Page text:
It is on this last point, I think, that I come closest to agreeing with Silver’s critics like Krugman, who worry that without explicit theorizing, Silver’s data-driven research may tell us less than we think. As Krugman writes: “But you can’t be an effective fox just by letting the data speak for itself — because it never does. You use data to inform your analysis, you let it tell you that your pet hypothesis is wrong, but data are never a substitute for hard thinking. If you think the data are speaking for themselves, what you’re really doing is implicit theorizing, which is a really bad idea (because you can’t test your assumptions if you don’t even know what you’re assuming.)”
Krugman echoes a point I’ve made before about Silver’s work: that unlike political scientists, he is not fully transparent about what goes into his analyses, such as his presidential forecast models. Without a glimpse at the moving parts, we can’t be sure what we are learning. It is one thing to say that Obama will win the Electoral College vote, but we need a theory to understand why he won that vote. In Silver’s defense, however, he is not pretending to be a political scientist – and why should he? He has a wider audience and (presumably) earns more money, than any political scientist I know. If he wants to hide the ingredients that go into his “special” forecast brew in order to make it appear more satisfying (and more original!), I say more power to him. As a career move, it certainly has served him well to this point.
I confess that I believe some of the carping by pundits regarding Silver’s website is a reaction to his contrarian and what some perceive to be condescending attitude toward the work of mainstream journalists whose writings grace the major newspaper op-ed pages. In that vein, here Silver is describing how his new site differs from the work of the best known columnists: “Uhhhh, you know … the op-ed columnists at the New York Times, Washington Post, and Wall Street Journal are probably the most hedgehog-like people. They don’t permit a lot of complexity in their thinking. They pull threads together from very weak evidence and draw grand conclusions based on them. They’re ironically very predictable from week to week. If you know the subject that Thomas Friedman or whatever is writing about, you don’t have to read the column. You can kind of auto-script it, basically.”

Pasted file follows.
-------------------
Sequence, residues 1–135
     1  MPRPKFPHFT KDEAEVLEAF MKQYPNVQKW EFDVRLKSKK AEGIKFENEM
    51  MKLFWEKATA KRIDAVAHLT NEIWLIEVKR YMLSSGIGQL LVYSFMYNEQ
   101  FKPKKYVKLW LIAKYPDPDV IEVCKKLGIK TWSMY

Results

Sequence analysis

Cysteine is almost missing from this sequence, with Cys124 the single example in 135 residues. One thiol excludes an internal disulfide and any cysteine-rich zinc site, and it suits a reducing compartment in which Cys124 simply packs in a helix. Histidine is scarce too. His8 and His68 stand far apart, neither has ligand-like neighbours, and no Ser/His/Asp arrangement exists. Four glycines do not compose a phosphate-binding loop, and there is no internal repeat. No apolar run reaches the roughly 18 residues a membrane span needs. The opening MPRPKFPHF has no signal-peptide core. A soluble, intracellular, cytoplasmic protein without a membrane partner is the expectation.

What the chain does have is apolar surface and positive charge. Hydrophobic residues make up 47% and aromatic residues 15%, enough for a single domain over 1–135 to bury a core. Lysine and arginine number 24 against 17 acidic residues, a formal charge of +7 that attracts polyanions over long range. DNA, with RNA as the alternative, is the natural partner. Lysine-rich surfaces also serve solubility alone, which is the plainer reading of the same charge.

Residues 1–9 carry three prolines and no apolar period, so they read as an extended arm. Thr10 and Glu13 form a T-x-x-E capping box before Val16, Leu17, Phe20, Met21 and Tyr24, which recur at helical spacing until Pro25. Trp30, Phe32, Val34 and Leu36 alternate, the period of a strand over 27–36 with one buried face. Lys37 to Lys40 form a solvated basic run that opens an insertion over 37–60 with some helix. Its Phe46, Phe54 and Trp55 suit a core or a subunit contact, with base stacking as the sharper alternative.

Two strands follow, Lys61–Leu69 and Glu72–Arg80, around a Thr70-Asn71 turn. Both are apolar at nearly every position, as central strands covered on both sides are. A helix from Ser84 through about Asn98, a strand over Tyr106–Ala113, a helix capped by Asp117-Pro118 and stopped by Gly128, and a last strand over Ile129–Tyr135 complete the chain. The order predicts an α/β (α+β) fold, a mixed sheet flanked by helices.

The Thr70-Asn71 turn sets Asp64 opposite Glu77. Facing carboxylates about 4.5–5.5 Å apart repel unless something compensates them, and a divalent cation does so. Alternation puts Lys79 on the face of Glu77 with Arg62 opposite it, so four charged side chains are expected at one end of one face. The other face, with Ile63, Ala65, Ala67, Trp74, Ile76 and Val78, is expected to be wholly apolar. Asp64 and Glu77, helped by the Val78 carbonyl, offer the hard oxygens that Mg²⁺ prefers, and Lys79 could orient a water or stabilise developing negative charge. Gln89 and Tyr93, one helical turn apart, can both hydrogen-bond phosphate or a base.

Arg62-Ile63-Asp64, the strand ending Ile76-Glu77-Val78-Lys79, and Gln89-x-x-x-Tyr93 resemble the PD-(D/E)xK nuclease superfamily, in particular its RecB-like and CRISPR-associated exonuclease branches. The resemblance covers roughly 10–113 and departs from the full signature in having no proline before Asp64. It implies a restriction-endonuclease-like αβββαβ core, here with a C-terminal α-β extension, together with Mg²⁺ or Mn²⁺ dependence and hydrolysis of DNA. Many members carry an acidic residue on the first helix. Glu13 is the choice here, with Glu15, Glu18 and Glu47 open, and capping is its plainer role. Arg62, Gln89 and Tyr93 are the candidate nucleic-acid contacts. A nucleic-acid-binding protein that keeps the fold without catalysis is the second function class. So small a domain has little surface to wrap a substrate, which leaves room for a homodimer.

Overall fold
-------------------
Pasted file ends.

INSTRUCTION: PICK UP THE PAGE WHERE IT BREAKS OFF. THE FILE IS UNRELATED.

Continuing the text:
It is true that Silver has always presented his work with a certain “Look Ma, no hands!” flair that in some cases overstates the novelty, and effectiveness, of what he is doing. (See, for instance, how his model stacks up to political scientists’ when it comes to forecasting the last midterm elections.) He has made a living by accentuating – exaggerating? – the difference between his data-driven analyses and what he sees as the hedgehog-like tendencies of more conventional columnists. I understand why columnists resent Silver’s tone. (I confess that my tone when criticizing pundits has sometimes crossed that line as well!) But I also think that he’s not entirely incorrect in his criticisms of conventional punditry. Too often it does harness data – if it uses data at all – to the cause of advocacy.
The bottom line? If you want a data-based take on the likely outcome of political events, like the upcoming midterm elections, Silver’s site is probably as good as any. (And here I would recommend the work of Harry Enten at Silver’s site). But if you want to understand why those outcomes occur, there are better places to start.
Of course, if you want your political analysis spiced up with a dose of the plucky, in-your-face speak-truth-to-power attitude exemplified by this young analyst, then you’ve come to the right place: